A-League. Sydney FC vs Adelaide United.
pic shows Adelaide coach John Kosmina after the game.
Thursday 22nd December, 2011
SMH SPORT pics by anthony johnson

Phoenix candidate? John Kosmina. Photo: Anthony Johnson

A LENGTHY list of candidates will be bidding to replace Ricki Herbert as coach of Wellington Phoenix, with former Melbourne Victory mentor Ernie Merrick's name having been bandied around in New Zealand as one possible contender after Herbert's resignation on Tuesday.

Other names cited include former A-League coaches John Kosmina, who recently parted company with Adelaide, ex-Gold Coast mentor Miron Bleiberg and sacked Perth Glory coach Ian Ferguson.

Herbert is the fifth coach in the 10-team league to have left the job this season. For now, assistant coach Chris Greenacre, a former striker who played in England's lower divisions before joining the New Zealanders in 2009, has taken the reins at the Phoenix.

Whatever else he does in his career, Herbert will always hold a special place in New Zealand soccer history.

He might not have been the first coach to take the All Whites to the World Cup - John Adshead earned that distinction in 1982 - but he is the first Kiwi to have played for his country in a World Cup, as he did in Spain as part of Adshead's squad, and to have managed it in the biggest competition of all, as he did in 2010 in South Africa.

In fact, the All Whites were the surprise package of that tournament, drawing all three games and exiting the competition as the only nation not to lose a match, even though they failed to qualify for the knockout phase.

Herbert took all the plaudits then, but he takes the brickbats now after a disappointing campaign for the Phoenix - the club he coached in tandem with the All Whites since it came into the competition in 2007.

Herbert did a sterling job in his five years in control of Wellington. Or he did until the past few months, when a new ownership group appeared to pull the rug from beneath him midway through the campaign by demanding a more attractive playing style.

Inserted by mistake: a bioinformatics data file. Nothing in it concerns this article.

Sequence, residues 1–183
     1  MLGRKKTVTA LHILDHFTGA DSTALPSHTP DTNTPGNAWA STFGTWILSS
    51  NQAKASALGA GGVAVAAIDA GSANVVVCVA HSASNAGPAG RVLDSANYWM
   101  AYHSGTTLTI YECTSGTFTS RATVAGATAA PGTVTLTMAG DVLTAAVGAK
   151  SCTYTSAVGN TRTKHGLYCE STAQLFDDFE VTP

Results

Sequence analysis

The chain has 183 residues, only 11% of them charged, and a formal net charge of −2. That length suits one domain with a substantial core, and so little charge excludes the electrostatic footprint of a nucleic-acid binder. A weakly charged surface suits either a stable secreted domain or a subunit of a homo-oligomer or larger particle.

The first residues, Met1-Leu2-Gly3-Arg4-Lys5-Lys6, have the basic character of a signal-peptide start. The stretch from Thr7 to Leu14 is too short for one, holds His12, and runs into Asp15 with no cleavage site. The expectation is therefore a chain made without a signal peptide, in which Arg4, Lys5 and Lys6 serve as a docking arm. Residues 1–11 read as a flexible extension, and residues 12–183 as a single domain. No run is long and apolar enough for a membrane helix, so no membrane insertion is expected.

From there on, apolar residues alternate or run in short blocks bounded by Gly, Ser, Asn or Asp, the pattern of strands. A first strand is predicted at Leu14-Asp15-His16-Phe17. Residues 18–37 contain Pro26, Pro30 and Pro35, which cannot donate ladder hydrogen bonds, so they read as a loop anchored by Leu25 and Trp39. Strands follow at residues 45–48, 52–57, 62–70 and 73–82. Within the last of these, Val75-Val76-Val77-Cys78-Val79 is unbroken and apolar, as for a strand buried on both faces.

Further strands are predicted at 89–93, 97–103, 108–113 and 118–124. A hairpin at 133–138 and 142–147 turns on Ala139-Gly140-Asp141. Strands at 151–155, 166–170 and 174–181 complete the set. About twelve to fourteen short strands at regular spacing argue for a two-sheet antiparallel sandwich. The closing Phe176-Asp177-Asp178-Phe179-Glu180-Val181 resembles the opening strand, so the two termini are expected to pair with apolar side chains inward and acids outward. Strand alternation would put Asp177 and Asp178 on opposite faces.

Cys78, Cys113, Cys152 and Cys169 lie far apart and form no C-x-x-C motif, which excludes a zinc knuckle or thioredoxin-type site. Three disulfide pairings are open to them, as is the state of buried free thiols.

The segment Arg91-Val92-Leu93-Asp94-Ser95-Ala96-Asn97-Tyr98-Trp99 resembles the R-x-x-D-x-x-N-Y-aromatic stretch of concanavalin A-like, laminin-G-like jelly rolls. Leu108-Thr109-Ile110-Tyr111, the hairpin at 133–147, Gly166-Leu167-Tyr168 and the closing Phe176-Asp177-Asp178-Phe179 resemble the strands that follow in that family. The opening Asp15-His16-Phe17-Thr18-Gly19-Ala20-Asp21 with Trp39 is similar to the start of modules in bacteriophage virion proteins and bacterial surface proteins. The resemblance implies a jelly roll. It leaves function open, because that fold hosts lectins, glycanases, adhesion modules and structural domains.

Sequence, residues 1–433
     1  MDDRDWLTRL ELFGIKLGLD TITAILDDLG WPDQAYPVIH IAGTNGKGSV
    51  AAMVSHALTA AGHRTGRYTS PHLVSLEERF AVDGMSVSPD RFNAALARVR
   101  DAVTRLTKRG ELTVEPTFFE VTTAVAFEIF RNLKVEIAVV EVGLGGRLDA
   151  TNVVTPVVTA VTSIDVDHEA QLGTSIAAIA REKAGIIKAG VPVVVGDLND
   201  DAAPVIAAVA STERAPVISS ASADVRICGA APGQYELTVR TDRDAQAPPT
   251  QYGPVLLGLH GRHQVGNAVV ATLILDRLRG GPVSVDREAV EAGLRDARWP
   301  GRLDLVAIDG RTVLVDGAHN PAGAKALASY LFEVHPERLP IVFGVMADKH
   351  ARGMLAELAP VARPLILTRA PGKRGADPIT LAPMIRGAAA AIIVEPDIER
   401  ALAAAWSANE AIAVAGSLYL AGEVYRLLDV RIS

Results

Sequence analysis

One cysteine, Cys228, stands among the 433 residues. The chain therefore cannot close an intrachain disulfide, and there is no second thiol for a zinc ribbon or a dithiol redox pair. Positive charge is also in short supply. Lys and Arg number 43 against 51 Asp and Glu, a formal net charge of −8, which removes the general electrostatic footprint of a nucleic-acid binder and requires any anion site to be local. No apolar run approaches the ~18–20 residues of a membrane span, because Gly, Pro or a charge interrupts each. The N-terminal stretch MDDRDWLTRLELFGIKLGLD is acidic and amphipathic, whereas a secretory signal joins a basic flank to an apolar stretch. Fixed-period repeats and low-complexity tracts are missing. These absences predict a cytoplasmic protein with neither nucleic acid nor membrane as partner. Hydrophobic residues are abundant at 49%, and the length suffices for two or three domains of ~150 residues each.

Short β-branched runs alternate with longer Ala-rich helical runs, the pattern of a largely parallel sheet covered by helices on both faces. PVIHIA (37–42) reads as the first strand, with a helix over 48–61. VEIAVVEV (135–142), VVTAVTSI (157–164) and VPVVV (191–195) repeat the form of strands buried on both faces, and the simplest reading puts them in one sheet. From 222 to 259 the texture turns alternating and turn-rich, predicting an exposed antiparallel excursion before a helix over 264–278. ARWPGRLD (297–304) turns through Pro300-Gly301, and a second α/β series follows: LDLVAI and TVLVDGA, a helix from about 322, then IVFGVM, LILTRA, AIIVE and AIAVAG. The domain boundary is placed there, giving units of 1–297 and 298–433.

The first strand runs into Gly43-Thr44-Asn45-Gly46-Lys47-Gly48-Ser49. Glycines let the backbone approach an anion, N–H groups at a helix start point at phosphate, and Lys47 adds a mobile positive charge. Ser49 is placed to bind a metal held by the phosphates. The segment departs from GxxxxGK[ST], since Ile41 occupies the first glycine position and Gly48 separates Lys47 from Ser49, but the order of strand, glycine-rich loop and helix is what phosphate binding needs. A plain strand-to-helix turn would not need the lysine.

The coach has been a pragmatist, and while his teams might not have played the most free-flowing soccer, they certainly got results. The Phoenix made the finals three seasons in a row - from 2009-10 to 2011-12 - and pulling gates of up to 30,000 for play-off games in Wellington.

The club has teetered from financial crisis to solvency at various times under his stewardship, but Herbert always remained phlegmatic about his travails.

But the demand for a different game style proved difficult to meet, a 7-1 loss to Sydney proving to be a nadir.

Things haven't got much better as the Phoenix remains rooted to the foot of the table, although the closeness of the competition means that even though it is six points outside a finals berth, it is not impossible (although it is improbable) that it could make up the leeway with five games left.

Herbert will continue in his role as All Whites coach and, with a number of World Cup qualifiers on the horizon, he will have his hands full as the New Zealanders look to maintain the progress they have made in the international arena. He will also remain with the Phoenix as a technical adviser.